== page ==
Hard To Say I'm Sari
by James Tuttle | @TuttleMode
I turned on the TV the other day to have something in the background as I hung little Chinese lanterns on our Christmas tree, but I wasn’t really in the mood to watch football. That probably has something to do with the fact that I fucking hate watching football. Luckily, there was a twelve-hour marathon of this show called Untold Stories of the E.R. on TLC where we learn how emergency-room physicians become quick-thinking medical detectives, along with some astoundingly bad acting and the tedious re-caps and “coming up” parts that stretch a half-hour concept into an hour-long program.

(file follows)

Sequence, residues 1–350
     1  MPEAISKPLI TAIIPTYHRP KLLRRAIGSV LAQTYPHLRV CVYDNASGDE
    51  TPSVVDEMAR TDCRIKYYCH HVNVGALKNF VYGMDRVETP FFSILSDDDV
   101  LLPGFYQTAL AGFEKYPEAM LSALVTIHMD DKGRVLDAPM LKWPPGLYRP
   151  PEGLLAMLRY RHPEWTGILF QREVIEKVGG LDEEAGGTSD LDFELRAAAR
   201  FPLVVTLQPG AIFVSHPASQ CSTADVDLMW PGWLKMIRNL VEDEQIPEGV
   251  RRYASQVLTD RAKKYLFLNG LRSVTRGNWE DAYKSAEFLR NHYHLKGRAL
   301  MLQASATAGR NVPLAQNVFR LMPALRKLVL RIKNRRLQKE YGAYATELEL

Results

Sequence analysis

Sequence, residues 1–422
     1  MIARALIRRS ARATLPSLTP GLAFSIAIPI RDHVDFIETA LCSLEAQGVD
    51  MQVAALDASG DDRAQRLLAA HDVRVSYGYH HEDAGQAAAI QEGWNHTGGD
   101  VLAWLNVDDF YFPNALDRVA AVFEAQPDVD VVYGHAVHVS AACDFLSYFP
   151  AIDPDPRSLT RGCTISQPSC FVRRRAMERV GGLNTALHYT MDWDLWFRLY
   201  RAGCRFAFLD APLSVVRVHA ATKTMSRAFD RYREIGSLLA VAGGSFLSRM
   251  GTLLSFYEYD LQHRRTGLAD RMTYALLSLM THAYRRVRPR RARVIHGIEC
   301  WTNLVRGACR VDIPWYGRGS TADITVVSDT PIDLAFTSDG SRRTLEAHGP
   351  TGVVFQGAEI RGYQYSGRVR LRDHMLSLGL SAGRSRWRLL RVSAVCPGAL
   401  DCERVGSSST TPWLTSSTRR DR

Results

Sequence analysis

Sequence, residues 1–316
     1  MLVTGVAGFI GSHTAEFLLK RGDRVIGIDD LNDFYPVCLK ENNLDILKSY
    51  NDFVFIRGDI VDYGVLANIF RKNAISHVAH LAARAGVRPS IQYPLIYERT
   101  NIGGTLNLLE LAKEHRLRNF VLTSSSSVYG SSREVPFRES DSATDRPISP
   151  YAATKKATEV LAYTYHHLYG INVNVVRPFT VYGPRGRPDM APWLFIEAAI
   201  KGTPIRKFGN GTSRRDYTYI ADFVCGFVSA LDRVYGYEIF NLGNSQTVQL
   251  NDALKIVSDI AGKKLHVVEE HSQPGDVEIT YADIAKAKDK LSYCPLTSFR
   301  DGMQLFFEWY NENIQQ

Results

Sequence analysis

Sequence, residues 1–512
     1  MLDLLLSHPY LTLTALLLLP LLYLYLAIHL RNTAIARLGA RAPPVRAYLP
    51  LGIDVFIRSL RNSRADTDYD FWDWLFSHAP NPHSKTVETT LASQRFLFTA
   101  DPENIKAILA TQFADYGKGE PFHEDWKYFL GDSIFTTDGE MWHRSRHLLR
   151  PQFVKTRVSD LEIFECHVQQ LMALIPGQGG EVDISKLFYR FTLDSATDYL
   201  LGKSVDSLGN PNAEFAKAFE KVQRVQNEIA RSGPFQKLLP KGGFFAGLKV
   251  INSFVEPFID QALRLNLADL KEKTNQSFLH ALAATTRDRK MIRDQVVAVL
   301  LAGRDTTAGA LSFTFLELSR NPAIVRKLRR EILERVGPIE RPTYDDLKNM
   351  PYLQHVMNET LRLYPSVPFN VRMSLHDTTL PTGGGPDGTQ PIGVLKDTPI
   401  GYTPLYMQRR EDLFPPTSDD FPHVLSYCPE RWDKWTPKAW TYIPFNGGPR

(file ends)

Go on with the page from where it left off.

About the time I was balancing the yellow dragon’s head on the top of the tree, I heard the narrator say, “It’s Independence Day in the E.R., which means senior staff get the weekend off.” I immediately thought, “What? The most qualified physicians take off the one weekend when those drunk idiots out there are most likely to crash their boats or blow off their hillbilly fingers lighting illegal M-80s to celebrate the birth of America?”
Because, of course, it’s a well-known fact that the Founding Fathers liked nothing more than tossing back a few brewskis on the lake before playing with sparklers in the dry grass. Anyway, I guess those doctors are so damn patriotic that they turn the hospital over to the med students on the most dangerous day of the year, making it a really bad time to be a patient.